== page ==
Forest officials are asking for public comments on a proposal to increase prescribed burns on the Manti-La Sal National Forest every year, up to 48,000 acres of forest annually.
This action is designed to restore the health of the forest and reset the clock on forest lands, which are overstocked with fuel because of decades of fire suppression, said Sanpete District Ranger, Johnny Collin.
The Forest Service has initiated the scoping process for this project and would like public comments by Aug. 2. A copy of the proposed action can be found on the project website.
In essence, the plan is to increase the pace and scale of prescribed burning on the mountains above Sanpete Valley to reduce a lot of deadwood and restore the vitality of the forest. Prescribed burns are often described as “planned fires” or “controlled fires” designed to meet management goals.
According to forest service documents, this action will increase resiliency of existing vegetation groups; restore proper ecological function to native vegetation communities and wildlife habitats; and improve firefighter and public safety.
Collin mentioned that forest stands are over overstocked because of fire suppression, which has occurred since the 1900s. There are more fuels up on the mountain than ever before, he said.
The prescribed fires will leave the forest lands in an earlier stage of development, which is typically more resilient to fires in general, he said.
The scoping process will take several months, so the prescribed fires will not take place until next fall, at the soonest, Collin said.
At that depends on the drought. “It is unlikely we would be doing prescribed burns during drought conditions,” he said. Typically, prescribed burns are done in the spring or the fall, when conditions are optimum for controlling a fire, he said.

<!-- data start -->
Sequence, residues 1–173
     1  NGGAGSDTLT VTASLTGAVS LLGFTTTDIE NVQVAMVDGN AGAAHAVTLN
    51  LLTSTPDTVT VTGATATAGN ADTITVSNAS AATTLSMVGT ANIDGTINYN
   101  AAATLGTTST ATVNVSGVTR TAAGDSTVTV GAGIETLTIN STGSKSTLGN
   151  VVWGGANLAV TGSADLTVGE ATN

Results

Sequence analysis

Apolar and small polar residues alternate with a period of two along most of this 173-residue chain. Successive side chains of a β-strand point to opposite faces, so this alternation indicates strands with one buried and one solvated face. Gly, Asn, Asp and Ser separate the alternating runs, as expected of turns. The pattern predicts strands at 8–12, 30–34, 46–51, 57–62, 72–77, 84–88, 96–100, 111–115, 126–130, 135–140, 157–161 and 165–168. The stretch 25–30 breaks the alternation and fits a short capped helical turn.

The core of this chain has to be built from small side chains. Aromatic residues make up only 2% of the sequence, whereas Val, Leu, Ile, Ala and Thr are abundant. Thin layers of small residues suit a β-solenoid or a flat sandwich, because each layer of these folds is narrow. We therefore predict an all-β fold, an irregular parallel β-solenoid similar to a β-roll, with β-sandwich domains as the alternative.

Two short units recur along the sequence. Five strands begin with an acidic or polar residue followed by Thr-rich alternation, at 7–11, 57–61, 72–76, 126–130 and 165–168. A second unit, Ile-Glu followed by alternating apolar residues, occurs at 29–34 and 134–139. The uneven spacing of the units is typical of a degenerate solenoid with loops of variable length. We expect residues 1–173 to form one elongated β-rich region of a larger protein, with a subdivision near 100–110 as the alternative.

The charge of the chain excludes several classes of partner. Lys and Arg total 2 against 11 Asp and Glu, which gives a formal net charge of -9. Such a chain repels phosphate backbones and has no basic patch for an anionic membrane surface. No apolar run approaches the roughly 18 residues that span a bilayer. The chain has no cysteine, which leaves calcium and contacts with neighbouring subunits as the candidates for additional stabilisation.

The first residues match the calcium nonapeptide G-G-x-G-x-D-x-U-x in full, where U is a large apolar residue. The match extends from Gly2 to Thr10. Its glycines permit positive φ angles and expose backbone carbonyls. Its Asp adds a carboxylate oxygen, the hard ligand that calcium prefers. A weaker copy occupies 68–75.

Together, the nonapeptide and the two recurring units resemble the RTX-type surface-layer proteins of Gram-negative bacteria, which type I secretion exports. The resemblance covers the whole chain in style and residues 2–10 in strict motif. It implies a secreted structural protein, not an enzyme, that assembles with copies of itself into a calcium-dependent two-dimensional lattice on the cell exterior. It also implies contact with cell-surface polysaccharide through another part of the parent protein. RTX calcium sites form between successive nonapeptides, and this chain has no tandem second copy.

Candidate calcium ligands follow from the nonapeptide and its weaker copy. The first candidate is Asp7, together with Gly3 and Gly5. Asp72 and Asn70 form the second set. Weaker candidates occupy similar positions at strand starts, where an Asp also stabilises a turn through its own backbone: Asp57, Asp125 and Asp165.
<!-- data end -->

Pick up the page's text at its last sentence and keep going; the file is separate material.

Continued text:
Sanpete County Economic Development Director Kevin Christensen also supports the project and is encouraging the public to comment on it. This is his personal opinion, and not the official stance of the county commission, he said.
“This will be a good thing,” he said. “Because there is so much fuel on the mountain, built up over decades, that everybody is worrying about catastrophic wildfires; and what if it happens here.”
The Forest Service is doing several things right, Christensen said. They are stepping up the logging and increasing the prescribed burns.
“This will not only help out with fire risk,” he said. “But it will make the forest healthier, more beautiful, better for grazing, better for wildlife and better for our watershed; it’s a good thing all the way around.”
According to the forest service, the burns are needed because human activities have altered the natural fire burning process: “Throughout the 20th century, human activities, including fire suppression, mining, introduction of invasive species, timber harvesting and livestock grazing, altered this natural fire regime. Without regular, sometimes frequent wildfire or surrogate, stand composition and structure has been altered and fuel loading has increased.
This, in turn, has caused the size and severity of wildfire on hot, dry years to increase. Reduced winter precipitation, an earlier spring snowmelt, and longer summer dry seasons have also played a role in this shift.
Recently, several large wildfires have burned on and around the Manti-La Sal National Forest with increasing frequency, size, and cost.”
In support of the project, the Forest Service stated that management action, such as prescribed fire, can increase the amount of low to moderate intensity burning consistent with the natural fire regime in these fire-adapted ecosystems and habitats and help to improve vegetation and habitat into the future.
In addition, in the long term, this burning could reduce the amount of large, high severity fires.
For additional information on this project, visit the scoping documents or contact Russell Bigelow, Forest Fuels Planner, at firstname.lastname@example.org or 636-3313.